En EspaŅol
Share

Ask Mr. Smarty Plants

Mr. Smarty Plants - Trees for property in Nevada

Ask Mr. Smarty Plants is a free service provided by the staff and volunteers at the Lady Bird Johnson Wildflower Center.

Search Smarty Plants
    
 
See a list of all Smarty Plants questions
Can't find the answer in our existing FAQs, submit a question to Mr. Smarty Plants.

Need help with plant identification, visit the plant identification page.
 
rate this answer
Not Yet Rated

Saturday - April 06, 2013

From: Laughlin, NV
Region: Southwest
Topic: Trees
Title: Trees for property in Nevada
Answered by: Nan Hampton

QUESTION:

Mr. Smarty Plants: I would like to plant trees in between Crepe Myrtles than put up a fence along the paved road. The temperature ranges from 27'F to 130'F. It is a full sun all day and I will install a drip system. The rest of the front yard has various kinds of cacti: Ocotillos, Chollas, pink beavertails or pink prickly pears, barrel cacti, Mexican Bird of Paradise, etc. as well as a septic system. What would you recommend?

ANSWER:

You didn't say what size tree you were interested in so I am suggesting several native trees of various sizes that are known to grow in Clark County, Nevada and would fit in well with the other plants in your yard.

Chilopsis linearis (Desert willow) grows to 15-40 feet, is heat, drought and cold tolerant and produces exotic-looking flowers.  Here are more photos and information from University of Arizona Pima County Cooperative Extension.

Cercocarpus ledifolius (Curl-leaf mountain mahogany) is evergreen and grows to 10-20 feet.  Here are photos and more information from Las Pilitas Nursery in California and CalPhotos from the University of California-Berkeley.

Fraxinus cuspidata (Fragrant ash) grows to 20 feet, has fragrant flowers and is cold hardy to 5 to 10 degrees F and tolerates heat well.  Here are more photos and more information from Aggie Horticulture.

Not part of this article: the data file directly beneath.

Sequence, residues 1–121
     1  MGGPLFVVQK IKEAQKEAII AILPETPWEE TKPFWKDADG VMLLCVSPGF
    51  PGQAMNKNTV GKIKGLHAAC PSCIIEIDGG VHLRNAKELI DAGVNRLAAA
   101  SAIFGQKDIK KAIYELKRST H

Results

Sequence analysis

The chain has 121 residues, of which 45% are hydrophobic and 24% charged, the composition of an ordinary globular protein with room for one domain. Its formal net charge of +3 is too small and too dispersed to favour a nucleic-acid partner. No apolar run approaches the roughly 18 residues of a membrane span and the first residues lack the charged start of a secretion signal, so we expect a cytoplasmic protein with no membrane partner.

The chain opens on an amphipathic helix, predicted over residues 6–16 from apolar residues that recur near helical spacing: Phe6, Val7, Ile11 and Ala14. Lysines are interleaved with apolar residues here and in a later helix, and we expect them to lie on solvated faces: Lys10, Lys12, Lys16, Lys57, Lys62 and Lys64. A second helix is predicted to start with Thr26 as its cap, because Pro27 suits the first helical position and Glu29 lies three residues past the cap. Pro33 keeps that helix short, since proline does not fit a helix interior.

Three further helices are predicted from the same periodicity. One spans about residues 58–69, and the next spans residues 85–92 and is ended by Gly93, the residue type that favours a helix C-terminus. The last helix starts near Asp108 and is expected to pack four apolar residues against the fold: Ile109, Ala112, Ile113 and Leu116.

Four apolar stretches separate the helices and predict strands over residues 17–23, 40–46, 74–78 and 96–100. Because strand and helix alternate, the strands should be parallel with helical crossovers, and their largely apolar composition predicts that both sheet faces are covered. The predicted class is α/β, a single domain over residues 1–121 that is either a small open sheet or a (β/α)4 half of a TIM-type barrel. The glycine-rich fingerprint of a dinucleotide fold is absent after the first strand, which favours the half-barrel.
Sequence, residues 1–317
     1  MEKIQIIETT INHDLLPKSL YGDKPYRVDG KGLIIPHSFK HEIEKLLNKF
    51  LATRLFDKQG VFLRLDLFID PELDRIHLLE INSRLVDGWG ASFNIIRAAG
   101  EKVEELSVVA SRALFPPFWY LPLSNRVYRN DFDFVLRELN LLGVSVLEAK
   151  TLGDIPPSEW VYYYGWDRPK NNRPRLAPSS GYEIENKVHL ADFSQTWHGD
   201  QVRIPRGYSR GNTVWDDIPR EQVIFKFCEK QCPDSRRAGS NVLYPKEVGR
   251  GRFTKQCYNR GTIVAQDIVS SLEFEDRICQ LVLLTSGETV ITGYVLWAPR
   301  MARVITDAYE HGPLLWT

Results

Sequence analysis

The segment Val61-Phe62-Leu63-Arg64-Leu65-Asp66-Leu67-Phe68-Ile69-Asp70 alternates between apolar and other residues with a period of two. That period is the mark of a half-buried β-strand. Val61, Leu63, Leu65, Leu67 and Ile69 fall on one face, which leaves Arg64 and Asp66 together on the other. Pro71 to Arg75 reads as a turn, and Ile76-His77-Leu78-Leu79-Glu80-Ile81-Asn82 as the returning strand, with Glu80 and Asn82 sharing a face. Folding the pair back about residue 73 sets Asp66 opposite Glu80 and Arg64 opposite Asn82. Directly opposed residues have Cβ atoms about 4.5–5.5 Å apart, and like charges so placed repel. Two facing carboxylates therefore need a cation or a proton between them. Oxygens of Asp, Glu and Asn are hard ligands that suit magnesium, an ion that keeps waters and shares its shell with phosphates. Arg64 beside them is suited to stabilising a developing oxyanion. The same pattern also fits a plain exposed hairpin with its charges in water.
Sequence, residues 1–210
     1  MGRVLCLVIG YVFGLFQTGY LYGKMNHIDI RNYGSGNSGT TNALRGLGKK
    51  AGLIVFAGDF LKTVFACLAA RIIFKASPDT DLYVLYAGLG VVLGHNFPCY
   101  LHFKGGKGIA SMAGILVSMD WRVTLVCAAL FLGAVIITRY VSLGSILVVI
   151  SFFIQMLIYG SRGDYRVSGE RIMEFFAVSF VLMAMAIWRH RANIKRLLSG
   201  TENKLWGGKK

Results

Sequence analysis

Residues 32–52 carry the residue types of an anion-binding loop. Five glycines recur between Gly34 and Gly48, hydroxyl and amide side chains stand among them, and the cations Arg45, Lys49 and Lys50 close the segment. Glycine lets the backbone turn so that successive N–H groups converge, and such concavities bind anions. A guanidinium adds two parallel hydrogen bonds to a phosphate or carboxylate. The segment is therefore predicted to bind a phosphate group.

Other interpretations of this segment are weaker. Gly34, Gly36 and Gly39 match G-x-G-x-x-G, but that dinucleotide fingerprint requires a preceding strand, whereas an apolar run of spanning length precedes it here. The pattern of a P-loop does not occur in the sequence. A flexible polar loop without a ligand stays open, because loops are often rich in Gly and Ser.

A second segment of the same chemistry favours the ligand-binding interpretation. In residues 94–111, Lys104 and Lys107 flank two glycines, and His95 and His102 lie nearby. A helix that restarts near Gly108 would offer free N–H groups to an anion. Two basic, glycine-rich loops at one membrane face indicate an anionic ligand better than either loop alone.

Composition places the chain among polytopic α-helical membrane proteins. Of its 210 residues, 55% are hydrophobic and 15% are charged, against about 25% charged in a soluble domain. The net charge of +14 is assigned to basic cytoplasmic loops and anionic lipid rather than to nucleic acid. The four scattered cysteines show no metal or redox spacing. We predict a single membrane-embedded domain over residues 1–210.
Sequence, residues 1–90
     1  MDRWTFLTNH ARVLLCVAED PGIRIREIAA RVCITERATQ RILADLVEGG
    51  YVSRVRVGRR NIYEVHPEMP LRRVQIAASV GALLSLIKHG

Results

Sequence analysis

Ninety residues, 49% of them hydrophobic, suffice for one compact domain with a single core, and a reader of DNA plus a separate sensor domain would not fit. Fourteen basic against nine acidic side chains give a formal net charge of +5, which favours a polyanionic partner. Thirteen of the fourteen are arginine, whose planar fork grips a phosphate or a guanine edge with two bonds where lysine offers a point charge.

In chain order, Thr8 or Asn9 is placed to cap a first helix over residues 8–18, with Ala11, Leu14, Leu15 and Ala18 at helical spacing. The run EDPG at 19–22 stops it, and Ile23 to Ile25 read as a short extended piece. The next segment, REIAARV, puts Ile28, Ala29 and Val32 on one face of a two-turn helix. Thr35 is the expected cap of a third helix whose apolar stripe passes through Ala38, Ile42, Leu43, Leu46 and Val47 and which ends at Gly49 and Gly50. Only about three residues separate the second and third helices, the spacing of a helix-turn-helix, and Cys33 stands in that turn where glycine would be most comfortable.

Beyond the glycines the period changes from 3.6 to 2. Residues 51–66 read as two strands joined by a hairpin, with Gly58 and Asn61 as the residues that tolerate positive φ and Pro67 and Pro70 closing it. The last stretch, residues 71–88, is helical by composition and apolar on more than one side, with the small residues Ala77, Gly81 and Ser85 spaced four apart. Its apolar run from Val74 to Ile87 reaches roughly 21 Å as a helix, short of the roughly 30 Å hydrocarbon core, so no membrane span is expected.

Hesperocyparis arizonica (Arizona cypress) is evergreen and grows to 30-40 feet.  Here is more information from Virginia Tech.

Prosopis glandulosa (Honey mesquite) grows to 30 feet and is well-adapted to hot, dry conditions and improves the soil by fixing nitrogen.  Here is more information from the US Forest Service and Winrock International.

Prosopis pubescens (Screwbean mesquite) grows to 30 feet, does well in heat and hardy down to ~15° F.   Here is more information from University of Arizona Pima County Cooperative Extension.

You can search for more possibilites on the Nevada Recommended page that list commercially available plants native to Nevada that are suitable for landscaping.  You can use the NARROW YOUR SEARCH option to limit the search to "Tree" under the General Appearance category.

 

From the Image Gallery


Desert willow
Chilopsis linearis

Desert willow
Chilopsis linearis

Fragrant ash
Fraxinus cuspidata

Arizona cypress
Hesperocyparis arizonica

Honey mesquite
Prosopis glandulosa

Screwbean mesquite
Prosopis pubescens

Screwbean mesquite
Prosopis pubescens

More Trees Questions

Cherry trees in the North Texas area
April 21, 2009 - Will cherry trees grow well in the North Texas area?
view the full question and answer

Over-trimming of native linden tree
November 06, 2008 - Dear Mr. Smarty Plants, My huge beautiful linden tree was just way over trimmed. It is planted near the house, so they cut most of the branches on that side all the way back to the trunk. I now have...
view the full question and answer

Selection of a small variety of Desert Willow for SE Texas
August 02, 2011 - Looking to plant desert willow as shrub. Any helpful tips to keep height down and plant full or bushy.
view the full question and answer

Is December a good time to prune oaks in Central Texas?
December 29, 2010 - Given that we haven't had much cold weather here in central Texas (Wimberley) this season, is it a good time to trim live and Spanish oak trees (damaged limbs and low hanging branches and suckers)? ...
view the full question and answer

Selecting a tree for a backyard in San Antonio, TX
May 11, 2013 - Hello Mr. Smarty Plants, I recently moved into a home in West San Antonio right outside Loop 1604..my treeless backyard is fairly small at about 55 ft long and 15 ft wide. I am torn because I can't ...
view the full question and answer

Smarty Plants's Facebook profile Support the Wildflower Center by Donating Online or Becoming a Member today.

Mr. Smarty Plants wants you to be his Facebook friend. Click the Facebook icon to add yourself to Mr. Smarty Plants list of friends.
E-NEWSLETTER | BECOME A MEMBER | DONATE NOW | MEDIA | SITEMAP
© 2014 Lady Bird Johnson Wildflower Center